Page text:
For example, if I were to give SFSFC $1000, I could then deduct that from my income for the purpose of determining how much income tax I owe. More importantly, if I attend a convention primarily for the purpose of representing SFSFC, or if it's an SFSFC-run convention on which I'm working, I can (generally; it's complicated) deduct from my taxable income the expenses I incurred such as meals and hotel rooms and travel, treating them as cash donations. (The value of my time is never deductible.)
(If you wonder why these travel costs would be considered cash donations, imagine a different money path, where I (say) give SFSFC $1000 (thus a cash donation) and then SFSFC reimburses my ordinary expenses incurred as their agent to the tune of $1000.)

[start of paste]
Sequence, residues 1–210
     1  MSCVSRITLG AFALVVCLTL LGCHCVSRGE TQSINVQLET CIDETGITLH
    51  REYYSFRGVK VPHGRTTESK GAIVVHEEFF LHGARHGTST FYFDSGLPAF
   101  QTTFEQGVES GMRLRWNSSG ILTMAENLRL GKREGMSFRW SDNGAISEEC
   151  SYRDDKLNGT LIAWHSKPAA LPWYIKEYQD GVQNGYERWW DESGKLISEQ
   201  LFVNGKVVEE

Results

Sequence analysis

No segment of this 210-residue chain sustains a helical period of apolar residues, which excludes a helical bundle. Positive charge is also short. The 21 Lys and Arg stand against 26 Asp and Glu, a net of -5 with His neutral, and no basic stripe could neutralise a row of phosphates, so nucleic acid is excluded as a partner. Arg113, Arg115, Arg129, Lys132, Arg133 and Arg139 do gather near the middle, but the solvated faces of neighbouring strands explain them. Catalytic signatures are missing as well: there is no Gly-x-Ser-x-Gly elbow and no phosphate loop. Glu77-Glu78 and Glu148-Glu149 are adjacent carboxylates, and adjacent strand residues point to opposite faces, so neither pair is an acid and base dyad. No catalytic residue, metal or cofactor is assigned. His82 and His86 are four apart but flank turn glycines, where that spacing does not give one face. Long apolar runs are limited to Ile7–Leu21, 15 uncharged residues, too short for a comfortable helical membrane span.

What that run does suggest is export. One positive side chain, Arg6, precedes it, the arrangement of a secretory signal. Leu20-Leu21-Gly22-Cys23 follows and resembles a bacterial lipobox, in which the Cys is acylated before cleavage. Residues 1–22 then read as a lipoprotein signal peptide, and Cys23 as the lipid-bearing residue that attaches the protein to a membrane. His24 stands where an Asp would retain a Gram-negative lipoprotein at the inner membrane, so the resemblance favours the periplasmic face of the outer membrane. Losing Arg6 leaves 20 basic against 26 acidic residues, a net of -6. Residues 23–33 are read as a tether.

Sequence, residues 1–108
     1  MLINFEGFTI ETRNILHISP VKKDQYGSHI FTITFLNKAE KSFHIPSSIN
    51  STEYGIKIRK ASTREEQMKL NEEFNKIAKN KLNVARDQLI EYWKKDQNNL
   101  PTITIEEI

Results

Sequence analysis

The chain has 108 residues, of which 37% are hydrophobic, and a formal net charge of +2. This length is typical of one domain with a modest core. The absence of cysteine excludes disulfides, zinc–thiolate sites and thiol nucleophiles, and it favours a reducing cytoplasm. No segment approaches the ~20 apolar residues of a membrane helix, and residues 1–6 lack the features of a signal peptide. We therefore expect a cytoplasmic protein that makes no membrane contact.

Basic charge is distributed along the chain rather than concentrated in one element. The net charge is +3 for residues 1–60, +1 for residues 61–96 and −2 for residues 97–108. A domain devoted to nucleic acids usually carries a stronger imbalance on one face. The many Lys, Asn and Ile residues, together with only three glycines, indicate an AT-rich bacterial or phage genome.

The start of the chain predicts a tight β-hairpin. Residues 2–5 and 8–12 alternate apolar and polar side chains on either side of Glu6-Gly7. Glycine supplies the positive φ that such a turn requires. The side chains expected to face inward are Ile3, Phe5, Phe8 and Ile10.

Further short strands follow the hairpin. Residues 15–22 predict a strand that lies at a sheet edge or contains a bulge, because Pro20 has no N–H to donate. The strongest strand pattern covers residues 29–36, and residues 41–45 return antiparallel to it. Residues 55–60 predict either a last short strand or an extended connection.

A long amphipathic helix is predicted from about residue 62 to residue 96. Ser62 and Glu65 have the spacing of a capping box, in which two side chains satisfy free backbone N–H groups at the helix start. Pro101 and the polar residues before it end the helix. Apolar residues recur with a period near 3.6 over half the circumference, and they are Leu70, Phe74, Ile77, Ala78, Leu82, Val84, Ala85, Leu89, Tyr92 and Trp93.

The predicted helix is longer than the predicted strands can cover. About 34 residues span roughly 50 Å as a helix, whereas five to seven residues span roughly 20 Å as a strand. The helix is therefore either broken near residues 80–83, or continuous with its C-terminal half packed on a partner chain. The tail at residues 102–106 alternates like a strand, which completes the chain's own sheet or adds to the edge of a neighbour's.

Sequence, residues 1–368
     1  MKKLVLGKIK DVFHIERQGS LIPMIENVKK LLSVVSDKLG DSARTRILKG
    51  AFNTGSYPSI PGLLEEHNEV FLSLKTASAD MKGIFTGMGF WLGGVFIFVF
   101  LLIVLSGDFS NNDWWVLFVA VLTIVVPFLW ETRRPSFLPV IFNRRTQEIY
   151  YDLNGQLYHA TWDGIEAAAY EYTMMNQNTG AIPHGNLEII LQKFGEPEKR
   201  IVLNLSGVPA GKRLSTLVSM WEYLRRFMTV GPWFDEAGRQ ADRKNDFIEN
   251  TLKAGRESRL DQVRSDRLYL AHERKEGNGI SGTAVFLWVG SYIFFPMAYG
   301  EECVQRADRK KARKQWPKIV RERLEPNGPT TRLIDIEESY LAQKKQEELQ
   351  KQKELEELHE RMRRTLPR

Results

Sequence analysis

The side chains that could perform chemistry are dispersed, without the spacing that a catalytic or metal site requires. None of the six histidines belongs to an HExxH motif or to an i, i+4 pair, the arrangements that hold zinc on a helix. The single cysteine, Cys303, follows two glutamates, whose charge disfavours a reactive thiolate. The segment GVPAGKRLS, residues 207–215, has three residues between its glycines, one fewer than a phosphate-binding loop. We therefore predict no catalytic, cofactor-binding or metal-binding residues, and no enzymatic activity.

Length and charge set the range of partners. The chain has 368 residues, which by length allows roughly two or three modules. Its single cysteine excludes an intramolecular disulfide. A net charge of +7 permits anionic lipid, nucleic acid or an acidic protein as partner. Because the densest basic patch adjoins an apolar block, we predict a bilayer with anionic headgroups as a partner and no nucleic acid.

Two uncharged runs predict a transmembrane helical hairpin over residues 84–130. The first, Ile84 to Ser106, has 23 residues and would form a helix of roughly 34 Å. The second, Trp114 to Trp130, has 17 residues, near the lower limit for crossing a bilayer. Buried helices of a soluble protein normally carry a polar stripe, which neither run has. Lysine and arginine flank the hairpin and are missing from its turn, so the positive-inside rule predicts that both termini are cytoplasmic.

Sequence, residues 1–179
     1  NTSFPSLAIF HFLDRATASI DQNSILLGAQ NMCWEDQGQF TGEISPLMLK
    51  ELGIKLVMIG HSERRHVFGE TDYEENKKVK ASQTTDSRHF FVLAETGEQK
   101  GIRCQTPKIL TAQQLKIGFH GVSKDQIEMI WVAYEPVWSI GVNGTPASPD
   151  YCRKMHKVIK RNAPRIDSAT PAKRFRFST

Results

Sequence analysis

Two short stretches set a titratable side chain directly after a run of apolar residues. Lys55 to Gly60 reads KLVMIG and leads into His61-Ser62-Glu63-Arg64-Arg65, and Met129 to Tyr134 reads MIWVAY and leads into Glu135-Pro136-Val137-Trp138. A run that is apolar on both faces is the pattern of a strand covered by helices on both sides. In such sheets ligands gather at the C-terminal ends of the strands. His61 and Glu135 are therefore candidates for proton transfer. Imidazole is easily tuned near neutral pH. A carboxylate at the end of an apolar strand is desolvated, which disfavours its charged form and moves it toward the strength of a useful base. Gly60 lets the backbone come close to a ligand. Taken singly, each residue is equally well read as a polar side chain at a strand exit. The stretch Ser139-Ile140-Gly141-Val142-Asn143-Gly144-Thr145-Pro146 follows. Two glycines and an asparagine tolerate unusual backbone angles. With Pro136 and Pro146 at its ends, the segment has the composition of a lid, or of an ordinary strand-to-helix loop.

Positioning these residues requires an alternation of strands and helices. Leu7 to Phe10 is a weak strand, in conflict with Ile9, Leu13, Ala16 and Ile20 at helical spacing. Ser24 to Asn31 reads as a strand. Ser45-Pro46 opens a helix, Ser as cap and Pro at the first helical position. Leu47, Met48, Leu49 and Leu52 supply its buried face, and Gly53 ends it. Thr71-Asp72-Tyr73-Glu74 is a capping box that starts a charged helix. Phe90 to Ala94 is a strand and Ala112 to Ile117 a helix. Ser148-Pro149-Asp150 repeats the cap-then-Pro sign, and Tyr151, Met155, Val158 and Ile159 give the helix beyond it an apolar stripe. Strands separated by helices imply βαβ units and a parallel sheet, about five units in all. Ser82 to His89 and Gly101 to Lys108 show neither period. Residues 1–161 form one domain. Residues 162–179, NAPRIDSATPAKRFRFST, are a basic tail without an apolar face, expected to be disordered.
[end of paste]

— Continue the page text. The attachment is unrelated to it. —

As you might expect, I would be strongly opposed to removing the charitable tax deduction or to significantly narrowing the definition of what a "charity" is. I like the American system, and I think that saying "only donations to the poor are worthy," is a step down a slippery slope that leads to removing the deduction entirely and saying, "Only the government can choose what is really worth of public support." While the tax deduction (which I have sometimes taken) isn't my primary motivation for my volunteer work with fandom, I believe that removing the deduction would have a chilling impact on charitable giving of all sorts.